Corpus ID: 157773396

Nutrigenomics and Public Engagement An "upstream" inquiry

  title={Nutrigenomics and Public Engagement An "upstream" inquiry},
  author={Joanna Goven and Jack A. Heinemann},
Biopharming in New Zealand: Risk and Governance Implications


Considerations for the successful development and launch of personalised nutrigenomic foods.
  • K. Sutton
  • Business, Medicine
  • Mutation research
  • 2007
How personalised, nutrigenomic foods might be developed and early results from research into food fractions that have the potential to ameliorate Crohn's disease are presented. Expand
Nutrigenomics and the New Zealand food industry
  • Food New Zealand, April.
  • 2004
Getting Personal: Shifting Responsibility for Dietary Health
  • Brighton, UK: Food Ethics Council.
  • 2005
A critical appraisal of the scientific basis of commercial genomic profiles used to assess health risks and personalize health interventions.
There is insufficient scientific evidence to conclude that genomic profiles are useful in measuring genetic risk for common diseases or in developing personalized diet and lifestyle recommendations for disease prevention. Expand
Animal Biopharming in New Zealand Drivers, Scenarios and Practical Implications
Constructive Conversations/Korero Whakaaetanga (Phase 2): Biopharming, Risk Assessment and Regulation. Research Report no.12.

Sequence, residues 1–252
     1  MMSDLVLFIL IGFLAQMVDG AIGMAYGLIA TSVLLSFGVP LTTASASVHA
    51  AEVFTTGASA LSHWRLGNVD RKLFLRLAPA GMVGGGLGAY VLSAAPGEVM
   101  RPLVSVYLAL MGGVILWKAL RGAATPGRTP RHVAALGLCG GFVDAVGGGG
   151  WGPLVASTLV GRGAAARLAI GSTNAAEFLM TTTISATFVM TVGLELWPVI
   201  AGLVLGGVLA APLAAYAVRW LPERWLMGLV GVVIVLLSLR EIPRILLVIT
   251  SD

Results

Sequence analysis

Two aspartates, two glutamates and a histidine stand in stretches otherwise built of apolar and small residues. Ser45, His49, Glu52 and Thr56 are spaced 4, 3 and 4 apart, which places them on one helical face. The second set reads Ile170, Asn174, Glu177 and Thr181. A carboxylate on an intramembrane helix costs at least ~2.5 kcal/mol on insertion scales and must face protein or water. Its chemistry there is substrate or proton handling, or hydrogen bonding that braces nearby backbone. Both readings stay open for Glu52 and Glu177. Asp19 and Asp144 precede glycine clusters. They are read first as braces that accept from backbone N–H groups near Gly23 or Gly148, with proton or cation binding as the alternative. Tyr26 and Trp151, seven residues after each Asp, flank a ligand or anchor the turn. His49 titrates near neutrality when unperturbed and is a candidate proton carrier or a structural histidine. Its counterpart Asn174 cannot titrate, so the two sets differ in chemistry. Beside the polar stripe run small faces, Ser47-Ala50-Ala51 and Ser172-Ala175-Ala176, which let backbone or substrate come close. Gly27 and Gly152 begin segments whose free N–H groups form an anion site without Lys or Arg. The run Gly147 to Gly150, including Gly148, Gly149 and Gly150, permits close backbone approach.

Evidence and Evaluation: Building Public Trust in Genetic Tests for Common Diseases. Research Report, PHG Foundation and Peninsula Medical School
  • 2008
Genetic tests for common diseases: new insights, old concerns
The clinical utility of newly identified genetic variants associated with common diseases needs evaluation and new approaches are needed to evaluate their clinical utility. Expand
Genome health nutrigenomics and nutrigenetics--diagnosis and nutritional treatment of genome damage on an individual basis.
  • M. Fenech
  • Biology, Medicine
  • Food and chemical toxicology : an international journal published for the British Industrial Biological Research Association
  • 2008
Development of dietary patterns, functional foods and supplements that are designed to improve genome health maintenance in humans with specific genetic backgrounds may provide an important contribution to a new optimum health strategy based on the diagnosis and individualised nutritional treatment of genome instability i.e. Genome Health Clinics. Expand
Genome-based prediction of common diseases: advances and prospects.
It is argued that new gene discoveries may not evidently improve the prediction of common diseases to a degree that it will change the management of individuals at increased risk. Expand
Genomic profiles for disease risk: predictive or premature?
The unregulated and unvalidated introduction of genomic self-testing may undermine physicians’ efforts to secure public confidence and acceptance of this vital component of “personalized” medicine. Expand